Dolphins Killed on Florida Beach, Police Offer Reward for Information: 'It Takes a Very Stupid Human to Do That'

Police have launched an investigation into the death of two dolphins who were found with gruesome bullet and stab wounds along the beaches of Florida's Gulf Coast last month.

One of the dolphins was found in Naples off the southwest coast of Florida with fatal wounds that appeared to be either from a bullet or stabbing or both, the Florida Fish and Wildlife Conservation Commission (FFWCC) confirmed.

The other dolphin was discovered by the Emerald Coast Wildlife Refuge with a bullet wound on its left side along Pensacola Beach in Florida Pandle near the border with Alabama.

The National Oceanic and Atmospheric Administration (NOAA) Office for Law Enforcement is offering up to $20,000 to anyone who shares information leading to those responsible for the recent dolphin deaths.

The deaths may have been related to humans feeding wild dolphins, experts believe. Dolphins are known to associate people and boats with food when they're fed by people, making them more vulnerable to harmful situations such as the latest acts of violence, according to the NOAA.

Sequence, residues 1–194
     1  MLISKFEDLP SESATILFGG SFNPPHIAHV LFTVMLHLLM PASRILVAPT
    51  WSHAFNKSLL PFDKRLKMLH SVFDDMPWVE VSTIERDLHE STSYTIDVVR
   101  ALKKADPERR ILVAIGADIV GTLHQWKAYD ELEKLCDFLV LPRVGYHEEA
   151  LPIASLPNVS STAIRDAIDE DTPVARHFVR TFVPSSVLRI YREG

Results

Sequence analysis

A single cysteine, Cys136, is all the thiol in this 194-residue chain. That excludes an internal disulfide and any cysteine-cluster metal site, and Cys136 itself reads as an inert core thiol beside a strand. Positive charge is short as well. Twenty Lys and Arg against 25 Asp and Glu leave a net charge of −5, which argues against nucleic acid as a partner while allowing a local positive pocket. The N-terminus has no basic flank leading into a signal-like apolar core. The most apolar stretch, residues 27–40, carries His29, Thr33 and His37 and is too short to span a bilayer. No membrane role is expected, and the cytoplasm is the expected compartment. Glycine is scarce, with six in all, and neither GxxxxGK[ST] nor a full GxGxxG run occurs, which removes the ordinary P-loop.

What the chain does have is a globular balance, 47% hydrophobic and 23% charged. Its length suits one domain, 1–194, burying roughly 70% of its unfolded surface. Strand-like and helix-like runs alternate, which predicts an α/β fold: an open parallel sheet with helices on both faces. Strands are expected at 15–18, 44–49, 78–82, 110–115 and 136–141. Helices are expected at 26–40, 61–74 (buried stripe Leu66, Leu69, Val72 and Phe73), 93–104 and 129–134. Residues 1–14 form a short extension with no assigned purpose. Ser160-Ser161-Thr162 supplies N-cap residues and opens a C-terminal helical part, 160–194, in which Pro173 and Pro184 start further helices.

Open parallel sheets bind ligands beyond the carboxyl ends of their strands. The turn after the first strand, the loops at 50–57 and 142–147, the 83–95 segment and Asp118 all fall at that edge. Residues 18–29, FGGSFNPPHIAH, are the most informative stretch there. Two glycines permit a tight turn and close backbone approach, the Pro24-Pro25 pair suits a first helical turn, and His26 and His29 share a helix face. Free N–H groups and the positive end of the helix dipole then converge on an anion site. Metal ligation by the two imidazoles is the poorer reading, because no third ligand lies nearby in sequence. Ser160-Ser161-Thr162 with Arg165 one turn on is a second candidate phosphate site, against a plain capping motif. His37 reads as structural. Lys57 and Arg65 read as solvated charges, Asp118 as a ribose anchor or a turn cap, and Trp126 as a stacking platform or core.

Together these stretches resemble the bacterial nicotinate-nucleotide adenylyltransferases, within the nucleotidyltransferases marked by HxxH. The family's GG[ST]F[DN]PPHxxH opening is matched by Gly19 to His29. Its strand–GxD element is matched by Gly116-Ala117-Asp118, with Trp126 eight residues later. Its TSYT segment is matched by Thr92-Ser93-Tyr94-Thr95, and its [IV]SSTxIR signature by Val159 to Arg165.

"We think these dolphins were in begging posture when they were intentionally harmed. Do not reach out to that animal, do not offer it food, and do not offer to pet or touch it or lure it to the boat in any way. All of these things change the dolphin's behaviors," Stacey Horstman, the Bottlenose Dolphin Conservation Coordinator for the NOAA, told Fox 13.

Since 2002, at least 29 dolphins have been found with evidence of being wounded by a gun, arrows or pierced by fishing spears or other sharp objects in the southeast of the country, she noted.

"We've had [dolphins] intentionally killed up here, I pulled up a dolphin a few years ago that had a 9mm slug to the head. It takes a very stupid human to do that," Captain Fred Debardelaben, who has taken dolphin cruises along the coast of St. Petersburg, Florida, for nearly 28 years, told Fox 13.

Anyone who with information that may lead to those responsible for the latest deaths can call the NOAA's Office of Law Enforcement at 1-800-853-1964.

Any act of harassing, hunting, killing or feeding wild dolphins, or attempting any of these acts, is banned and punishable by up to $100,000 in fines and up to a year in jail under the Marine Mammal Protection Act, the U.S. Fish and Wildlife Service states.

Back in May 2019, a bottlenose dolphin was found dead washed ashore on Florida's Upper Captiva Island in Lee County. The dolphin was found to have been stabbed in its head with a sharp "spear-like" object, according to the FFWCC.

Dolphin Naples Florida 2018
A dolphin surfaces near the Naples Pier on September 7, 2018 in Naples, Florida. Getty Images